Salmon Spinning & Bait Rods - Tackle Tips

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A rod for every occasion?


Rod size

If you buy a rod with "salmon" written on it expect to pay a premium! There are many fine spinning and bait rods from the coarse fishing fraternity (especially carp and pike rods) which will stand the test more than adequately, but remember that it must have a solid butt section. Salmon are basically a sea fish and fight accordingly!

I am not a fan or carp rods which don't have an all through cork handle. In salmon fishing you will be holding the rod all the time and its important in cold weather to have something comfortable.

Bait fishing rods tend to have a more flexible and sensitive tip than spinning rods, but its a minor point.

The bottom line is that one rod should do you for both activities. It also means that you have less tackle to carry about.

                  Rod Action
The action of the rod required will depend on the type of reel you are using. A through action rod is best for using with multipliers. It allows you to wind the whole rod up in a slower casting action. Middle to tip actioned rods are best used with a fixed spool reel.

Some people say that a tip action rod is more accurate, but I'm not convinced.


I have to own up here.. I am a tall fellow and I fish a big river, so my preference is for a long rod usually 10-11'. I know that in the United States there is a move towards shorter and shorter spinning rods. I have even seen guests trying to use these short collapsible jobs. and my advice is to leave such short rods (less than 9') at home.

A short rod either gives up on butt strength so that is is not a stiff poker, or its so flexible throughout that it does not have the power to land a fish.

It is only fair to the fish to use a rod which matches with its size, fighting capacity and the flow of the river. If you are using a short flimsy rod you will have an awful time controlling the fish. The fish will inevitably become over-stressed and if you take it too far it will never recover (Root and Bohr effect i.e. the blood becomes acidic causing even more lactic acid to be released, causing an unrecoverable downward spiral).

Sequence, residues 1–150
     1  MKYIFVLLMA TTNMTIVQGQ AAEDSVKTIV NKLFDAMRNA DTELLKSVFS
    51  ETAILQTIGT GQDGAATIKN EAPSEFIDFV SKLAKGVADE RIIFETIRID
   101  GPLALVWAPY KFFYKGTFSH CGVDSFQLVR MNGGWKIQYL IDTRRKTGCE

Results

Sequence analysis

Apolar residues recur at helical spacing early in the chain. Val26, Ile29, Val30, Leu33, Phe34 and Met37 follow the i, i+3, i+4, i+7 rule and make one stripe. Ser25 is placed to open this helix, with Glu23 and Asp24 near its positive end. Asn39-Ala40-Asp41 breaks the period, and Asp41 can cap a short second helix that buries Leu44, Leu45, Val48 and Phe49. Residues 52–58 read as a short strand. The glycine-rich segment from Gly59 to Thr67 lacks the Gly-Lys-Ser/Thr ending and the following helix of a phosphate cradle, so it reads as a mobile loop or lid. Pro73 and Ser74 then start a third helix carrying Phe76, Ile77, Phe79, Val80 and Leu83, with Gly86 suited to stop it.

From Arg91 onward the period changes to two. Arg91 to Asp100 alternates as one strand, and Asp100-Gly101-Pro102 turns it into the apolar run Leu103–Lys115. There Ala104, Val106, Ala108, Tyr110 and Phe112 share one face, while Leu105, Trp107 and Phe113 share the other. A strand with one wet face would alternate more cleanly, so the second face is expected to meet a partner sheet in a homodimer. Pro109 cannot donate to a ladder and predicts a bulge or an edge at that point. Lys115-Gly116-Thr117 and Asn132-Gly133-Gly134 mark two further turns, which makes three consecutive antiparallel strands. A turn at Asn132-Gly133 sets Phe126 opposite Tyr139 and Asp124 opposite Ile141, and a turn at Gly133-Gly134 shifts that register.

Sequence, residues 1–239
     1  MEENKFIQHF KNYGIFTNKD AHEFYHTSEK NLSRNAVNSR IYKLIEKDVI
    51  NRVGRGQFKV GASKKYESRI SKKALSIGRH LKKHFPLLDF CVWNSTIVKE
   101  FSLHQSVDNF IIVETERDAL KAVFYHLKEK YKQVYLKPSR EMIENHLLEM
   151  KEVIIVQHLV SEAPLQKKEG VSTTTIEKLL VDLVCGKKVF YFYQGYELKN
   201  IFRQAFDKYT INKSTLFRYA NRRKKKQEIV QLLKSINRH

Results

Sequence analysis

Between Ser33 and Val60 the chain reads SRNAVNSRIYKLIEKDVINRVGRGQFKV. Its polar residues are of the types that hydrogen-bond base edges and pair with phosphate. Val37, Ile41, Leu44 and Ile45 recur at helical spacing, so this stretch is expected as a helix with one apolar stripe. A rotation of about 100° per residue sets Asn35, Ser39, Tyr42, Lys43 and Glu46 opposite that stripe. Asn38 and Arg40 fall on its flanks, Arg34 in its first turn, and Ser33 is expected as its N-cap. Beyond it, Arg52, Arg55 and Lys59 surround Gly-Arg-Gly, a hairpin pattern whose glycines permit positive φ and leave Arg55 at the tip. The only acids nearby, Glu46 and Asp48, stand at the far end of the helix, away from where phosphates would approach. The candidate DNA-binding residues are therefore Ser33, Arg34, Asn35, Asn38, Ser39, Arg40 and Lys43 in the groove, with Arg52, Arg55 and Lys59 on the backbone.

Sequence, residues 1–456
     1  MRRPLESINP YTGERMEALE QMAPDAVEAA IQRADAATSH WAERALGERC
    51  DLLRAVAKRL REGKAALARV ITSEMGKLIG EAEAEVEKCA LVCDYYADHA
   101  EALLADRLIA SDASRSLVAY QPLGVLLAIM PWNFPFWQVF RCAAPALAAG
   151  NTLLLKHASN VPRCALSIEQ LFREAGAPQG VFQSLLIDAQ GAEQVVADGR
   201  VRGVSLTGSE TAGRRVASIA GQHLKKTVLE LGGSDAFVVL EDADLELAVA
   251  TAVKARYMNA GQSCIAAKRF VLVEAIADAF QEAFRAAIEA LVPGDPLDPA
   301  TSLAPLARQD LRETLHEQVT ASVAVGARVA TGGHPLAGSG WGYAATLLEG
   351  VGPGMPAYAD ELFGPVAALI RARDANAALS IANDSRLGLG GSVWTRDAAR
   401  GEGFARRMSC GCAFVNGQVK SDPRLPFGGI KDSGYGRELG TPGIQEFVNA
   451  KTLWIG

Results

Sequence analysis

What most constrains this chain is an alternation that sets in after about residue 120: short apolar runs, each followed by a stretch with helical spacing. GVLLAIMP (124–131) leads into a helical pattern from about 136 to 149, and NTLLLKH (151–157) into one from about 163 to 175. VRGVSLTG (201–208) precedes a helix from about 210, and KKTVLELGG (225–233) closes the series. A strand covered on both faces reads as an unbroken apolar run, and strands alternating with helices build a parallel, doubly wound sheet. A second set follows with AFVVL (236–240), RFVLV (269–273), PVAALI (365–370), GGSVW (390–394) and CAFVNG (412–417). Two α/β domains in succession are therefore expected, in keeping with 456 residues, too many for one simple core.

So please - fish with a rod which is man enough for the job.




Test Curves


 Additional Advice

The test curve measures the amount of strain it takes to turn the tip of the rod over to 90 degrees. This gives you a good indication of how much weight the rod is designed to cast.

iMost spinning rods fall into the 1.25 to 2lb test curve and are ideally suited to casting typical salmon spinners which fall into the 20-40g range. But if you are going to be doing a lot of dead baiting with big baits, or using heavy leads in high water you should be looking at test curves around the 2.5lb mark


If you are looking for distance casting on a really big river the quality of the rings is important.

A matt rod gives off less glint than a sparkly one. These are designed to catch fishermen not fish.

Make sure the reel seat is strong and big enough to hold the chosen reel. Flimsy fitting will not do.


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